Ingredient of the Week: Cauliflower

Ingredient of the Week: Cauliflower

Cauliflower is one of Neil’s favourite vegetables. Whenever it is on special offer in Tesco I use it a lot as I know he enjoys it. It has been on special offer for the past couple of weeks, which is why there has been an influx of cauliflower recipes lately. It is a cruciferous vegetable like broccoli, kale and cabbage. Due to its white colouring, people often overlook it for more brightly coloured vegetables such as broccoli and kale, as we are told the more vibrant the colour of vegetable the more nutritious it is and that we should try and ‘eat the rainbow’. However cauliflower is actually packed full of nutrition. It contains a little of nearly all the vitamins that our bodies need, along with many important antioxidants and phytonutrients needed to stay healthy.

Although the most commonly available cauliflower is white, you can get other coloured varieties including purple, orange and green. The head or curd of the cauliflower is made up of smaller curds or florets tightly compacted together, surrounded by green leaves. The whole head of the cauliflower, including the stem and leaves are edible but people tend to discard quite a lot of it in favour of just the florets. I must admit, I don’t cook the leaves but I do enjoy adding the stem sliced up in to my recipes. It is most commonly found in Indian cuisine like this paneer and cauliflower curry, or in European cookery like this bacon and cauliflower pasta. A very popular British side dish is cauliflower cheese, which can be found served as an accompaniment in many restaurants to a roast dinner.   

In recent times cauliflower has enjoyed a surge in popularity among the health conscious and calorie counters as one cup or portion only contains 25 calories. It can be blitzed up to form a fine grain and served as a low calorie substitute for rice or couscous. By binding the blitzed cauliflower with egg and ground almonds or cheese it can be made to resemble a pizza crust, and for the vegetarians and vegans amongst us, a wedge of cauliflower sliced out from the middle of the head can be pan fried as a substitute for steak or any other piece of meat. 

Why is it good for me?

Like many vegetables including green beans, avocado and swede, cauliflower is rich in vitamin C. In fact, It is one of the best sources for this very important vitamin as one cup or portion contains over 75% of the daily recommendation for both women and men. This immune boosting vitamin also assists with the uptake of iron in to the body, needed for making healthy red blood cells and the repair of damaged body cells and tissue. In addition, a high level of vitamin C in the diet is believed to help reduce post exercise muscle soreness.      

It is another vegetable that has been found to have cancer fighting qualities, particularly prostate, ovarian, cervical, colonic and lung. This is because of its high levels of antioxidants, in particular sulforaphane, glucosinolates and isothiocyanates, which have all been found to slow down the formation and growth of tumours.  

How do I prepare it?

Firstly I snap off any of the outer leaves from the cauliflower with my hands if possible. I prefer to use my hands rather than a knife as it is safer. Then I cut off the end of the stalk before again breaking off as many of the florets with my hands. Sometimes I need to slice off larger florets with a knife and depending on what I’m making I will cut the florets up so that they are all a similar size. I try to use as much of the cauliflower as possible as the stem is still edible and actually pretty tasty. I don’t like to waste so it all goes in, not just the florets.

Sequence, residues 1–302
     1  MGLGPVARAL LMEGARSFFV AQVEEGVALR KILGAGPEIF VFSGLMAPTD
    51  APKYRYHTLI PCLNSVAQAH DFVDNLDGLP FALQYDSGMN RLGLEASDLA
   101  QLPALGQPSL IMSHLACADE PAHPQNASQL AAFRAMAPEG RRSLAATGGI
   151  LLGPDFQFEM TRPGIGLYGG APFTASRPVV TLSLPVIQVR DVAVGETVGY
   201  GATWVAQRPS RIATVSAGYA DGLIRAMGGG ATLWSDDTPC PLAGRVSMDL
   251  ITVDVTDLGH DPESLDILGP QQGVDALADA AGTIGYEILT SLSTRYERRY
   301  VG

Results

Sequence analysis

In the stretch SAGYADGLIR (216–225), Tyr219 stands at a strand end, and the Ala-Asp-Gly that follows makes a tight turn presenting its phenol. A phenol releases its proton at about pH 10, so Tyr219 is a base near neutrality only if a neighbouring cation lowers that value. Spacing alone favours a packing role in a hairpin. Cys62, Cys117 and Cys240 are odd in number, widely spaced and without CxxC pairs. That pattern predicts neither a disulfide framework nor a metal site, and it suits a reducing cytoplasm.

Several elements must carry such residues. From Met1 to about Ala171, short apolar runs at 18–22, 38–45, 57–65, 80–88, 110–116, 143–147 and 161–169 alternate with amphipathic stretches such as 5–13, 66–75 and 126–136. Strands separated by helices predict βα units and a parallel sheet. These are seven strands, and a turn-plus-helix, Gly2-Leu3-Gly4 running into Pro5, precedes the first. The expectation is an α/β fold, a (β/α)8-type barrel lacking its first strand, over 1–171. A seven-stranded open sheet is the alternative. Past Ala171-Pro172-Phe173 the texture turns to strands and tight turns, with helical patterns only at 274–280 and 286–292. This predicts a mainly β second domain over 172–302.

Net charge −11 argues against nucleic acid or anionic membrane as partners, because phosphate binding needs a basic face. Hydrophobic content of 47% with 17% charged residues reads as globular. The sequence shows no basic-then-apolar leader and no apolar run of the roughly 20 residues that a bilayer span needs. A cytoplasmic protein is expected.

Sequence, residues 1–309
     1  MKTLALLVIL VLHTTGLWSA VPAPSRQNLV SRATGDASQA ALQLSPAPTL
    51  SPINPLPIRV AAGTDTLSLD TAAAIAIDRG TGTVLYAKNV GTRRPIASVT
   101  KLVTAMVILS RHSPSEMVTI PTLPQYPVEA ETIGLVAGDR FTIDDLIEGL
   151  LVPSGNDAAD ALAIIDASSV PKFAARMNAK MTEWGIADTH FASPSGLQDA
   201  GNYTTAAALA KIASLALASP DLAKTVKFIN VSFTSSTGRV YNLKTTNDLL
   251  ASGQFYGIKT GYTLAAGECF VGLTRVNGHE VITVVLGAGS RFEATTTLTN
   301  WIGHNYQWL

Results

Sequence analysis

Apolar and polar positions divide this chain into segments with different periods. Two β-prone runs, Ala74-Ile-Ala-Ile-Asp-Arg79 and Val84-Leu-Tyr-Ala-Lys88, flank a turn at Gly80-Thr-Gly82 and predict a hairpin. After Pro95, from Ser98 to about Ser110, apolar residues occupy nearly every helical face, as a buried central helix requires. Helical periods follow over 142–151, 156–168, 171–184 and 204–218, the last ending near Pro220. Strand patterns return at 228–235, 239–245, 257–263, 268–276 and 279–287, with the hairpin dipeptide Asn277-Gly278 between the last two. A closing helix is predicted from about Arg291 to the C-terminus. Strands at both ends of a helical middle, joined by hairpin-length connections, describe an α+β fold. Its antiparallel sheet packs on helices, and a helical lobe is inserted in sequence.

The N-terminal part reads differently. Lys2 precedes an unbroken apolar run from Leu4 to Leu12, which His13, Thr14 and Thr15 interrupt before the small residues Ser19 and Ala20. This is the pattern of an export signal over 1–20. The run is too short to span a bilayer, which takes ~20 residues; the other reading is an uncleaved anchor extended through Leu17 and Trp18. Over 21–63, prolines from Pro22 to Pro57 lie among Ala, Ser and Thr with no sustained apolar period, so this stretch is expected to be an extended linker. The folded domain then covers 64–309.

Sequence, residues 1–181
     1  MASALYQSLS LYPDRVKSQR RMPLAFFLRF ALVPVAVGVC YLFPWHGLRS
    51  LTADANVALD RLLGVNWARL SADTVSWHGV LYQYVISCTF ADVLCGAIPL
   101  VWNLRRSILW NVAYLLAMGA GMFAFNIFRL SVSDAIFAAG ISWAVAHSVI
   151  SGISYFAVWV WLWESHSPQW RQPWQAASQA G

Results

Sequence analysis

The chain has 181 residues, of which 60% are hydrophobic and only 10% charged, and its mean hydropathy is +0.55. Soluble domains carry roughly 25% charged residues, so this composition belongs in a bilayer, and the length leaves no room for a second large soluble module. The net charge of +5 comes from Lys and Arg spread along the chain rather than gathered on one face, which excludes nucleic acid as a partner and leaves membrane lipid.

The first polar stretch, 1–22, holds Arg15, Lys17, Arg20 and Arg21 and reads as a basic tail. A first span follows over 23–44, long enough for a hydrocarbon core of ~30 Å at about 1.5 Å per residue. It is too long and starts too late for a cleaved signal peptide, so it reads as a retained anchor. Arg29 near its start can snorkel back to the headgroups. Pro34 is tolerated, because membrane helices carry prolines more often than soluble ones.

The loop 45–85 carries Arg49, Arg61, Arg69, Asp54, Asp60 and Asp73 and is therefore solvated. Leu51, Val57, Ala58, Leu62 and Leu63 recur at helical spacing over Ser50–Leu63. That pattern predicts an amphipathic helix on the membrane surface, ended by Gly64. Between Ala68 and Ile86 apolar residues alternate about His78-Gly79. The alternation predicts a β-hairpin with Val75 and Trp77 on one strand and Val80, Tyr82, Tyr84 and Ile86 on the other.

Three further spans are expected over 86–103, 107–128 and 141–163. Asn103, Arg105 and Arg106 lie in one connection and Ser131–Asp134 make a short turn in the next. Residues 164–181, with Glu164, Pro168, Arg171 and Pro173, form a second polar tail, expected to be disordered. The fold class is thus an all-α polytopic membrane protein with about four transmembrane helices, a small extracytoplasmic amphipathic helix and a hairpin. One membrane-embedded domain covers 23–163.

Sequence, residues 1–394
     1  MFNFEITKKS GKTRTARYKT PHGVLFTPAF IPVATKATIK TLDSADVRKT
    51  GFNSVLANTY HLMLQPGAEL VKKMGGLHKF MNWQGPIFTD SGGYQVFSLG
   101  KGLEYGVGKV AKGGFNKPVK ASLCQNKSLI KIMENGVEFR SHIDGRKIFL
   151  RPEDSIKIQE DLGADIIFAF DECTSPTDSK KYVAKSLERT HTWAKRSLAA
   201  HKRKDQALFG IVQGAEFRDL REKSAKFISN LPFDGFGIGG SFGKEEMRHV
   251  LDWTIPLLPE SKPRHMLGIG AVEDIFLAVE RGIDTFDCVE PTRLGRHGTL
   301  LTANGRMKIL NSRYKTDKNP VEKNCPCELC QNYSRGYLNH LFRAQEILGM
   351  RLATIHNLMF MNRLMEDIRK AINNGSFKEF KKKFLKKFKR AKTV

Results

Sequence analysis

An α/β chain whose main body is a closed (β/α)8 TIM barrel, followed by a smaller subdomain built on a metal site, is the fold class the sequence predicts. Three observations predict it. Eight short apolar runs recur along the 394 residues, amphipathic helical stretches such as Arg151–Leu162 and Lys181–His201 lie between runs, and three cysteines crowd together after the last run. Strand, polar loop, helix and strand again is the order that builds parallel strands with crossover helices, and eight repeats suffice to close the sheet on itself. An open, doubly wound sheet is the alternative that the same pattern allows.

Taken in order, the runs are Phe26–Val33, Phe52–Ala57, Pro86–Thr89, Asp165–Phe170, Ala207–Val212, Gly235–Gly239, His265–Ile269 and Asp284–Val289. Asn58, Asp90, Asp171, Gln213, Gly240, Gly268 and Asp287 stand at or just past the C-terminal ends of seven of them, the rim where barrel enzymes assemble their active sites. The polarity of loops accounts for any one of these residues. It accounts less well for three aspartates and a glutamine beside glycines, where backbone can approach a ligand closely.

How do I cook it?

Cauliflower can be steamed, boiled, roasted, fried, sautéed and even eaten raw. It makes a tasty addition to curries, stir-fries, soups, pilaffs, and salads. It is best to not cook cauliflower for too long as some of the phytonutrients found in it contain sulphur, which is released when cooked, causing it to smell. Also when cooked for too long it starts to lose its shape and goes mushy. Definitely not recommended. I hate the texture of mushy cauliflower in my mouth. I also think that the longer you cook it for, the stronger the taste, which I don’t like. Cauliflower should be mild and nutty in flavour which is why it is so good for being paired with much stronger spices such as turmeric.

Although not the most nutritious way to eat cauliflower, as the longer you expose food to heat the more chance it has of losing some of its vital nutrients, my favourite way to eat it at home is roasted like in this chicken, cauliflower and root vegetable quinoa recipe. When roasted for long enough the edges start to go crispy and I love the different textures it gives in my mouth. My all time favourite cauliflower dish though is at an amazing Indochinese restaurant in Manchester that both myself and Neil adore called the Indian Tiffin Room. The dish is called Gobi Manchurian and the cauliflower is stir-fried in a wok with onion, peppers and spices. The cauliflower is coated in a really light batter and deep fried first, which makes it incredibly crispy and delicious, if not the healthiest. Gobi means cauliflower in Hindi which is where another famous Indian side dish, Aloo Gobi gets its name, Potato and cauliflower.

If you have a favourite cauliflower recipe then please share. Its such a versatile vegetable that you can pretty much do anything with.

Thank you for reading and speak soon.


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